Arizona judge tosses suit against Fox News NetworkPosted: Updated:
PHOENIX (AP) -- An Arizona judge has thrown out a lawsuit against Fox News Network for airing live video of a carjacking suspect who killed himself during a police chase and not using a time delay that would have prevented the death from being broadcast on national television.
Maricopa County Superior Court Judge John Rea dismissed the lawsuit Jan. 30. It alleged that the children of JoDon Romero, 33, suffered emotional distress from having seen video of their father fatally shooting himself in September 2012 at the end of an 80-mile car chase.
David Bodney, a lawyer representing Fox News, said the judge found the network's coverage was protected by the First Amendment and that those pushing the lawsuit didn't satisfy the essential elements of claiming intentional infliction of emotional distress.
"It was truthful," Bodney said of the coverage. "It's a matter of public concern."
The lawsuit was filed by Angela Rodriguez, the mother of Romero's three sons, ages 15, 13 and 9. Rodriguez also had sued Fox Entertainment Group Inc. and Fox's parent company, News Corp., but later dropped them from the lawsuit, leaving Fox News Network as its target.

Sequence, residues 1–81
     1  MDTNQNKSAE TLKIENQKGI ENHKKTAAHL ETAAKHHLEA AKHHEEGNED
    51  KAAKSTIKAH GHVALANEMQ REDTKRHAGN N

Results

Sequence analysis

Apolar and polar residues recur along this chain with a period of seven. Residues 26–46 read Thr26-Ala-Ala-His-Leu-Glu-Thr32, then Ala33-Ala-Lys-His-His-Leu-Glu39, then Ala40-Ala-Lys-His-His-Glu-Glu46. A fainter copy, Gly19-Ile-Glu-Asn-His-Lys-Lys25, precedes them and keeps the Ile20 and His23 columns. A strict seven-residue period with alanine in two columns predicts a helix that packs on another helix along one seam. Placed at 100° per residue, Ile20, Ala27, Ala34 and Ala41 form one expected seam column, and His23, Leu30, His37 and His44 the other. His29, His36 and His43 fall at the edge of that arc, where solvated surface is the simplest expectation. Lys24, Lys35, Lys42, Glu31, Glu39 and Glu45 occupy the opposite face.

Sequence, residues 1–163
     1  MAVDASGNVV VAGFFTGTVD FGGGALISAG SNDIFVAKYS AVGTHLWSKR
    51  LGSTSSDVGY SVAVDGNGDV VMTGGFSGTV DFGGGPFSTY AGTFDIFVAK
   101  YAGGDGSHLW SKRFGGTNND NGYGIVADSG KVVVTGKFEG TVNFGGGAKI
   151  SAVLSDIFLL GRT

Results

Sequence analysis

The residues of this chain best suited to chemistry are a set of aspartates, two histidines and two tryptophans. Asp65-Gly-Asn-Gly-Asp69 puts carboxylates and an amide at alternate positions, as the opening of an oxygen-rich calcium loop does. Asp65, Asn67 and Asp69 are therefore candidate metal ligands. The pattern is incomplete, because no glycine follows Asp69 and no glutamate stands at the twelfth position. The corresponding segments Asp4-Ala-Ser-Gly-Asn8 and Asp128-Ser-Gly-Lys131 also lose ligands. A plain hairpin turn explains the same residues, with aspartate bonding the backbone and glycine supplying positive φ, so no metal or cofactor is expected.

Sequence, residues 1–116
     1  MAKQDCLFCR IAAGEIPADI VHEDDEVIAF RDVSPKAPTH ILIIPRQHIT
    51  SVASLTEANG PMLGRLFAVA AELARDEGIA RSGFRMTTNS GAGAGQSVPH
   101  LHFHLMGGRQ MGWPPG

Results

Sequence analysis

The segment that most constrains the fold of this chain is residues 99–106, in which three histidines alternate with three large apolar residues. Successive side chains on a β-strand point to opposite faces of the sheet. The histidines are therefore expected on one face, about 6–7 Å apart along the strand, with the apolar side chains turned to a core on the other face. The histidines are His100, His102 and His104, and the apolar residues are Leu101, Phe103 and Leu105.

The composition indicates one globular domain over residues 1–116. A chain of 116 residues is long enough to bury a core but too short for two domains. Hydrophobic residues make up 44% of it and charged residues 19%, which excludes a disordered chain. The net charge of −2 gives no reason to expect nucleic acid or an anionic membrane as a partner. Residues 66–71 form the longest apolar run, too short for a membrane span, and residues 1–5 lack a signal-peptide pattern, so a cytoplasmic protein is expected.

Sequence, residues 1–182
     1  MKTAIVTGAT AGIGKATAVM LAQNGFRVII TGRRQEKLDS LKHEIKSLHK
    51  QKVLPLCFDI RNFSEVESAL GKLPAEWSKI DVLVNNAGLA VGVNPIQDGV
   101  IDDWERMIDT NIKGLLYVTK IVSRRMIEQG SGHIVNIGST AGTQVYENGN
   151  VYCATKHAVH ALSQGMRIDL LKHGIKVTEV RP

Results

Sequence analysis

Joel Robbins, the attorney for Rodriguez, said he'll appeal the ruling to a state appeals court.
"The First Amendment has some limitations," Robbins said.
Fox News was covering the chase using a live helicopter shot from Phoenix affiliate KSAZ-TV. As the death aired, anchor Shepard Smith repeatedly urged his show's crew to cut away from the live shot. He apologized to viewers and said the video was supposed to be on a delay so it could be cut off if something went awry.
The lawsuit said the Phoenix affiliate succeeded in using a delay to cut away before the death aired.
The chase began in Phoenix when police say Romero apparently hit a passing car with his hand, leading to a call to police. As officers were heading to the scene, police say Romero stole a car at gunpoint and an hour-long pursuit began on an interstate west of Phoenix. Authorities say Romero opened fire and eventually drove off into the desert, got out of the car, began walking down a dirt road and killed himself.
The lawsuit said a rumor at the school of Romero's sons had generated buzz among students about a televised suicide, so the two older boys went home and viewed the video on YouTube.
Lawyers for Fox News sought the lawsuit's dismissal, saying it regretted airing the video in its entirety but that it can't be found liable for emotional distress caused by news coverage on such an issue of public concern.
The network's lawyers also said the lawsuit's claims are barred by the First Amendment, that the violence at the end of the chase couldn't have been foreseen, and that any emotional distress was caused by other factors, such as Romero's conduct.
Rodriguez's attorney argued the lawsuit wasn't a First Amendment case and that the courts have ruled that simply because an event is newsworthy doesn't make every graphic detail subject to the First Amendment.
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